3rd February

The opening day of the festival is devoted to the procession of the cannalori: 11 huge candles, enshrined in elaborate gilt baroque casings and weighing up to 1,000kg, are carried through the streets accompanied by a marching band and cheering crowds. 'A sira 'O Tri (on the evening of the 3rd), Piazza Duomo is the scene of a concert of songs dedicated to Sant'Agata, followed by a pyrotechnic firework display.

4th February

For many, the second day of the festa is the most special. Sant'Agata's reliquary statue is carried out of the cathedral and through the crowded streets of the city, in a day-long procession that stops off at all the places that have a connection with the saint's life, including the Church of Sant'Agata alla Fornace, the site of her martyrdom. As evening falls,the statue is taken back to its resting place in the cathedral for a well-earned rest.

5th February

The climax of the festa! After a Solemn Mass and a day of reflection, at around 6:00pm the reliquary statue of Sant'Agata is once more brought out of the cathedral for another tour of the city, up Via Etnea, across to the Church of Sant'Agata al Borgo (where she is greeted by another firework display) and then back down to the bottom of the steep Via San Giuliano for the cchianata 'i Sangiulianu. Here the statue bearers give a demonstration of their courage, faith and devotion by running to the top of the road with their heavy load, urged on by a cheering crowd. A final stop is made outside the Benedictine Convent in Via dei Crociferi before the statue is once more returned to the cathedral. More fireworks, general rejoicing and a fantastic party ensue! 

A gastronomic note: after so much devotion, it is curious (and slightly heretical) that Sant'Agata's terrible plight is also remembered by a special cake: mini breast-shaped cassatelle - sponge cakes filled with ricotta, covered with virginal white icing and topped with a blushing candied cherry - called minne di Sant'Agata or, in local dialect, minnuzzi ri Sant'Ajita (breasts of Sant'Agata).

Where? CataniaWhen? 3rd - 5th February every year

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Carnevale di Acireale

The “most beautiful Carnival in Sicily”, more than 2 weeks filled with humour, fun, confetti, flowers, music and more, culminating with the parades of allegorical-grotesque floats, handmade by local artisans.

Where? AcirealeWhen? usually February - March

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Spring events

March

Carnevale di Acireale

The “most beautiful Carnival in Sicily”, more than 2 weeks filled with humour, fun, confetti, flowers, music and more, culminating with the parades of allegorical-grotesque floats, handmade by local artisans.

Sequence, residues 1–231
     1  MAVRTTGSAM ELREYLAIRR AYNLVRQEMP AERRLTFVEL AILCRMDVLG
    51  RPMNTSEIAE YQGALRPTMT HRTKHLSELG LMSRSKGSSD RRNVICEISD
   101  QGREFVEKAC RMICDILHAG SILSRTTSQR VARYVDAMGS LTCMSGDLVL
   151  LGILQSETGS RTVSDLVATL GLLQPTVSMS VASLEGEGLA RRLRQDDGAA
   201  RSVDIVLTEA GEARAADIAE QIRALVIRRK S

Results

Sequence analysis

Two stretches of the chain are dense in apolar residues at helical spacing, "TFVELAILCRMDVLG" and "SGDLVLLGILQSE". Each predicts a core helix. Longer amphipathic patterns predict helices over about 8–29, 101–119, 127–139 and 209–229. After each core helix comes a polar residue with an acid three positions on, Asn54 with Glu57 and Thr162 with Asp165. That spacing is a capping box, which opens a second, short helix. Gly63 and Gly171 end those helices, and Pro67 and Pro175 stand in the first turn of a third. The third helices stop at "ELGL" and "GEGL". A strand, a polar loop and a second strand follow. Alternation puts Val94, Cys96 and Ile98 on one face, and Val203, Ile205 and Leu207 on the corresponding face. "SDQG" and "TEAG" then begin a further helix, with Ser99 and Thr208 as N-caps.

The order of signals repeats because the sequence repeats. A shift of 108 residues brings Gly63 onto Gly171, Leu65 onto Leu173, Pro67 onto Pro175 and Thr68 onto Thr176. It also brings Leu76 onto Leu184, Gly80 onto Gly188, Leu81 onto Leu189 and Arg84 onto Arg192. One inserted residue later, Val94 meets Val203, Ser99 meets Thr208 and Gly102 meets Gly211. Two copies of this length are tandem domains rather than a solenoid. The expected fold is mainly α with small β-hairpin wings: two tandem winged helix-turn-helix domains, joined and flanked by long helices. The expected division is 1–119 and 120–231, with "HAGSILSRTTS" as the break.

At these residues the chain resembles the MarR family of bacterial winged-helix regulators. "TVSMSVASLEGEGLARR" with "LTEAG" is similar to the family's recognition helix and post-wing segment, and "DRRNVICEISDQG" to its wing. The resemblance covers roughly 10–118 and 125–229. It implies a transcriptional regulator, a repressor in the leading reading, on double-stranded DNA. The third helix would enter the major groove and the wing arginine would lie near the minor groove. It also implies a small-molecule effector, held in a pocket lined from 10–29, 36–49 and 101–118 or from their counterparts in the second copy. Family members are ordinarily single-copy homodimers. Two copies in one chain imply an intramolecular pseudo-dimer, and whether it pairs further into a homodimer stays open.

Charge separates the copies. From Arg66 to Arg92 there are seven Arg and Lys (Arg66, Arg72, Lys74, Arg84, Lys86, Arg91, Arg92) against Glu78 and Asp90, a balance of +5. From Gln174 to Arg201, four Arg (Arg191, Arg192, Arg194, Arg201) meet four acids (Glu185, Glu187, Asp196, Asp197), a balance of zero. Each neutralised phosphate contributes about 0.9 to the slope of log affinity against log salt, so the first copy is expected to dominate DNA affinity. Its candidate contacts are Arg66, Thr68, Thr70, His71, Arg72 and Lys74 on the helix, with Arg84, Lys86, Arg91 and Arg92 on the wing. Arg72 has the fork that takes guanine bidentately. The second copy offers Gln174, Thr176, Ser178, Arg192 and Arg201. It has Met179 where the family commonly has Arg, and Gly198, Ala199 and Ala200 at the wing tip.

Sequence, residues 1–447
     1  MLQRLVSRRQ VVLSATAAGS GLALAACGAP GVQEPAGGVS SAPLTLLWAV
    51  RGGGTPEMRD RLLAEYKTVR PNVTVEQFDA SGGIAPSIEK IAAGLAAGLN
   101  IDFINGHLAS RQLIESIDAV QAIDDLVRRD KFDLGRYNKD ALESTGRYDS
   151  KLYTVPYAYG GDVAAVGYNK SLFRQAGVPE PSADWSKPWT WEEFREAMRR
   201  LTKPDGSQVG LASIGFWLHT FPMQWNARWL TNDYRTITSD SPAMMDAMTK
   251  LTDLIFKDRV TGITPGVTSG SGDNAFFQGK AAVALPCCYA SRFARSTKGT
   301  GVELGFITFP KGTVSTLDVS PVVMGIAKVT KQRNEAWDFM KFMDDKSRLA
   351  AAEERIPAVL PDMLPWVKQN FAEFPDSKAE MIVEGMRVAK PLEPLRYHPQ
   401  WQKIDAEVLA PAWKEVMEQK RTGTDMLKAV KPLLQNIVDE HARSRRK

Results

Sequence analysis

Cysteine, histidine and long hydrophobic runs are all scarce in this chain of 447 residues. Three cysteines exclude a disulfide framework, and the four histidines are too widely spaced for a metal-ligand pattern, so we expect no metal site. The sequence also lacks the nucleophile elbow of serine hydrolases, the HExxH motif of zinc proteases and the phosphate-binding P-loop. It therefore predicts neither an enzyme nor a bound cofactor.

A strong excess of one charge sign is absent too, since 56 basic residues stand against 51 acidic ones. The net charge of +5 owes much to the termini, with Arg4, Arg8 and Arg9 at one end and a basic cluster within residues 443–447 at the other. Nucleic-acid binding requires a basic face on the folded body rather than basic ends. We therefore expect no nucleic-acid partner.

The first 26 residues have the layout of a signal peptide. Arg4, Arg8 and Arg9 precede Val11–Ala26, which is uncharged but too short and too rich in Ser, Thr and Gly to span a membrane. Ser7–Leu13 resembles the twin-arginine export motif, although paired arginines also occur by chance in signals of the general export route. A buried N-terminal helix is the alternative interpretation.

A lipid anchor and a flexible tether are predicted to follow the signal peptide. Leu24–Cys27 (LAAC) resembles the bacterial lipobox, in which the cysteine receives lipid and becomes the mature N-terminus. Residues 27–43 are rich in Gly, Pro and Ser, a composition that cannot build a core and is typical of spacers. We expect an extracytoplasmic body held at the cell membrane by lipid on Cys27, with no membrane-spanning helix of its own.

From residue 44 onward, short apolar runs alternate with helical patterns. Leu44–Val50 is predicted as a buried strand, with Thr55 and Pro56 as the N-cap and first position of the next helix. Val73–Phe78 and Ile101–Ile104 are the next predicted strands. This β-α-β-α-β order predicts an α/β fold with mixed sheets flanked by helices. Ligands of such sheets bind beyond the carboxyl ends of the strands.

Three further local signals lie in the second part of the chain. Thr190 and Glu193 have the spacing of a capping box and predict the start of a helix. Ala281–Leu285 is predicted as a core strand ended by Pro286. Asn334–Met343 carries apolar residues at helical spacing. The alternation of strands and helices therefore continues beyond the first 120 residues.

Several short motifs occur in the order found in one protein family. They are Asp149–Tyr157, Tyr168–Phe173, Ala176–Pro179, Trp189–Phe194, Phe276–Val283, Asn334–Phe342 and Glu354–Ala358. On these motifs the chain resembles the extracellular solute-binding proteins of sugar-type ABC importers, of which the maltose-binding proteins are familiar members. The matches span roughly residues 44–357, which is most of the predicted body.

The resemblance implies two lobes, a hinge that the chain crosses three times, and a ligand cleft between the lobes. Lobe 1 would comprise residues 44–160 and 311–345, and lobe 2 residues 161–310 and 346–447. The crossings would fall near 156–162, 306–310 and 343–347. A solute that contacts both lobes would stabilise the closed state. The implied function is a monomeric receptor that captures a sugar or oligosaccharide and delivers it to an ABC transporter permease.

Where? AcirealeWhen? usually February - March

April

Le Contrade dell’Etna

A 3-days event celebrating the volcano’s wines and its wineries.

Where? Il Picciolo Etna Golf Resort / Castiglione di Sicilia, EtnaWhen? April

Settimana delle Culture

An annual week-long programme of cultural activities, concerts, exhibitions and much more besides.

Where? PalermoWhen? usually April - May

Artichoke Festival

Every year the village of Cerda, in the Palermo Province, pays a tribute to its most important local produce: Carciofo (artichoke). Get ready to taste a variety of artichoke recipes, surrounded by a lively atmosphere of folk music and dance and market stalls.

Where? Cerda (Palermo)When? 25th April, every year

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Easter in Sicily

Sicily takes Easter very seriously and there is no better way to experience it than from one of our villas in Sicily. All over the island, in large towns and tiny villages alike, processions weave their way through narrow streets, central thoroughfares and piazzas until finally they arrive at the local parish church or Cathedral.

Easter also signals the arrival of spring, and many pagan traditions that used to mark the arrival of la bella stagione have been incorporated into the religious festivities.

For food lovers, Easter is a great time to come to Sicily: enticing seasonal delicacies and gastronomic delights celebrate the bounty of primavera. It is the time for martorana (also known as pasta reale, marzipan confectionery that's shaped and painted to resemble fruit, vegetables and, especially for Easter, lambs. With Easter being a time for celebration, the cassata, Sicily's signature cake, made of sweetened ricotta cheese, marzipan and candied fruit, graces tables all over the island. Fresh peas, fava beans and artichokes combine wonderfully in frittella, and the tuna fish season gets underway...

The Cassata, Sicily's signature cake, made of sweetened ricotta chesse, marzipan and candied fruit, graces tables all over the island.

Returning to the more sacred aspects of pasqua, however, here are a few interesting events to experience if you're visiting Sicily at Easter and want to taste the atmosphere of age-old traditions:

In the west

Probably the most renowned religious manifestations of devotion in Sicily are the misteri of Trapani on Good Friday. A series of statues representing the stations of the cross - each one designed by the town's guilds - are carried solemnly through the streets of town. To these are added statues of Jesus and the Virgin Mary who, in an age-old tradition, go in search of each other, a mother seeking her son. Thousands of Sicilians turn out to pay their respects and the atmosphere is very moving.